Recently, I spent a weekend reviewing music videos that would help bring Sociology to life for my students. Reflecting upon what my life had been like as a college student, I remembered the music that was popular my freshman year. Disco was in vogue when I was a freshman, and the “Queen of Disco” was Donna Summer. Even “hard-core wall-flowers” would start to dance when Summer’s “Bad Girls” was played. “Bad Girls” was released in 1979 and immediately became a mega-hit, remaining at the top of pop charts for six weeks. Hard core-and erotic, “Bad Girls” seemed to signal the sexual liberation of all women—including those “bad girl” prostitutes Donna sang about. It would take my girlfriends and me several years to understand fully the social class, gender, and race dimensions of prostitution. But eventually we would come to believe that Dona’s “bad girls” were not empowered but oppressed.
Sexual liberation implies release from oppressive people, conditions, and beliefs that control a person’s sexuality. It implies a level of freedom, autonomy, and human agency, which most literature on prostitution indicates prostitutes do not have. Rather, research shows that prostitution dominates, degrades, and exploits people fundamentally because they are women in precarious social-class positions, and even more so if they are African-American.
- Research indicates that prostitution is largely defined, organized, and regulated on the basis of gender. Most prostitutes are women. And most of the people who manage or buy sex from prostitutes (“pimps” and Johns”, respectively) are men. About a half- million women in the United States work as prostitutes each year, and 40 million women work as prostitutes annually worldwide. Within this context, female gender seems to increase vulnerability to prostitution. Being female also seems to increase the likelihood of prostitution arrest: About 2/3 of the people arrested for prostitution in the United States in 2005, for instance, were women (Federal Bureau of Investigation 2005) Research finds that female prostitutes are regulated more than their male customers, and prostitution laws are more strictly enforced against the women who sell sex than the men who buy it .
- Revealing a connection between social class and prostitution, most women say they prostitute for financial reasons. While a few highly-paid call girls say that the work allows them a lavish lifestyle and others do it to pay for crack cocaine and other drugs, the vast majority of prostitutes simply seek economic survival. Studies reveal that environmental and social-class- constraints—poverty, unemployment, limited educational opportunities, limited transportation, and the presence of strip-joints, “crack-houses”, sleazy bars, and cheap motels in low-income neighborhoods— “push” poor women into prostitution. Can we reasonably argue that these environments provide women with real alternatives to prostitution for survival? Social class also influences who gets arrested for prostitution: about 90 % of women arrested for prostitution are streetwalkers of lower social-class origins, and not the high-end call girls who “serve” the rich and famous.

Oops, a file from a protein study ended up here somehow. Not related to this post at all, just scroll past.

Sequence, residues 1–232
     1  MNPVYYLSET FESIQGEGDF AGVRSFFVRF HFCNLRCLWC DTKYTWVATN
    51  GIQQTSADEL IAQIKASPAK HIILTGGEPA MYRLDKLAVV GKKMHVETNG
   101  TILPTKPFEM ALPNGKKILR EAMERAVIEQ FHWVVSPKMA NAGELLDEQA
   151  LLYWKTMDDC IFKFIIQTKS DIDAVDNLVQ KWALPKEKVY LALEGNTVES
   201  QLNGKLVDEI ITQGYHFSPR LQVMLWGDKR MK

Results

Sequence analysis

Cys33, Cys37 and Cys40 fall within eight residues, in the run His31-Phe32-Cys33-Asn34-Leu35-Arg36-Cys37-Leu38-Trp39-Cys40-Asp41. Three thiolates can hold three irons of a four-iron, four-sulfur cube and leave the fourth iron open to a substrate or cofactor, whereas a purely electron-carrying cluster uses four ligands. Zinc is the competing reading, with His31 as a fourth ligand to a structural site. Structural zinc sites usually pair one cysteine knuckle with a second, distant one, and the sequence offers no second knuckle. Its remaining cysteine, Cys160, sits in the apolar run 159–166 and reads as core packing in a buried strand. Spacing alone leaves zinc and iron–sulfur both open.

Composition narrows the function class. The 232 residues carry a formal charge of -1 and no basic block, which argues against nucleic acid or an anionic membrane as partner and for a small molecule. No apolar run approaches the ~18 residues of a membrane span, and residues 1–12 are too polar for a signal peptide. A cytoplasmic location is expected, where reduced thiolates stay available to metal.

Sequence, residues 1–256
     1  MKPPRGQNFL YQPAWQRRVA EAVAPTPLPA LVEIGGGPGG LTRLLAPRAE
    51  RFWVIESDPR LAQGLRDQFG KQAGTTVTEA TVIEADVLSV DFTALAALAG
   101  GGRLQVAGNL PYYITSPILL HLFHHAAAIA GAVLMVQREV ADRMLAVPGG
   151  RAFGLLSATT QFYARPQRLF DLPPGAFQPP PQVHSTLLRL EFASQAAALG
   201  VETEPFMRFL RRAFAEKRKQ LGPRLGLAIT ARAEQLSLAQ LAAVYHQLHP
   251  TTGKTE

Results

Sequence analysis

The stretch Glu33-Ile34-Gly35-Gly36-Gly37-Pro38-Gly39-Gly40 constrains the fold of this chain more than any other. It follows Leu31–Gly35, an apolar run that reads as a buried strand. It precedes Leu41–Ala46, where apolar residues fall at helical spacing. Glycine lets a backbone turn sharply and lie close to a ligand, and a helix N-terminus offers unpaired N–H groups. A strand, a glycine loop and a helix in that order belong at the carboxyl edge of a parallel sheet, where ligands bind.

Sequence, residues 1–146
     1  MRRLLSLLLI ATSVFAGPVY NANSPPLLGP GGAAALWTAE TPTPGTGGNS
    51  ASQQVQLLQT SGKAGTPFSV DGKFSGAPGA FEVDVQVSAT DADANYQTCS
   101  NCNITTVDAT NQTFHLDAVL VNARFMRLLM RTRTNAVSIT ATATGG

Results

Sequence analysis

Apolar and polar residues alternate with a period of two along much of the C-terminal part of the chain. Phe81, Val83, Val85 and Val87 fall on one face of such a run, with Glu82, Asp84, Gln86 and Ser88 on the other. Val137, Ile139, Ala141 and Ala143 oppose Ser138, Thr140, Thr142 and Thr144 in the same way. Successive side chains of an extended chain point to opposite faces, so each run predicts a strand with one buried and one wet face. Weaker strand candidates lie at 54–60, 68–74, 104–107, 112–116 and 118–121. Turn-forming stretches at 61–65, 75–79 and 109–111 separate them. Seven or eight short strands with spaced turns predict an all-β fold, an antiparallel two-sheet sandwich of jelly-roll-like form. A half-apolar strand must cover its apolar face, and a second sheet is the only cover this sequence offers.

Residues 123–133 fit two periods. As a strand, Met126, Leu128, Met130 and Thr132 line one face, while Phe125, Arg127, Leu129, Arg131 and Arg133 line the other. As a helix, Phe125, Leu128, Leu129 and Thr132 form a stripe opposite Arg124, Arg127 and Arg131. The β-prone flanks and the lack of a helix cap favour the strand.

- Race also plays into this story. Economic precariousness and stereotypes that define them as sexually promiscuous and immoral by nature, make Black females especially vulnerable to sexual exploitation and prostitution . Arrest rates for prostitution also correlate with race: the advocacy group COYOTE reports that although most prostitutes are white, most of those arrested are African American.
- Regardless of prostitution venue (e.g., brothels, massage parlors, escort service, or the street) all women in prostitution are subject to harm. (See Melissa Farley’s “Prostitution and the Invisibility of Harm”). All women “in the life” may experience violence from customers, pimps, hotel managers, and/or the police. All must confront the threat of sexually transmitted disease. And, in effect, all are objectified and treated like commodities.
Stricter enforcement of laws against the men who solicit prostitution, and their public exposure, is a short term solution and is therefore insufficient. The legalization of prostitution is also insufficient, because like stricter enforcement of laws against the solicitation of prostitution, this does not eliminate the institutionalized inequities that push some women and girls into prostitution.How long shall we attribute prostitution to people’s poor planning, immorality, laziness, and craziness? How long will we fail to address the lack of jobs, low-wages, poor schools, classism, sexism, racism, ablest ideas, and other systemic problems that force some women into prostitution? In the words of another disco song that was popular during my youth, shall we simply “throw our hands in the air like we just don’t care”? As the song says, “Now somebody scream.”
Denise A. Narcisse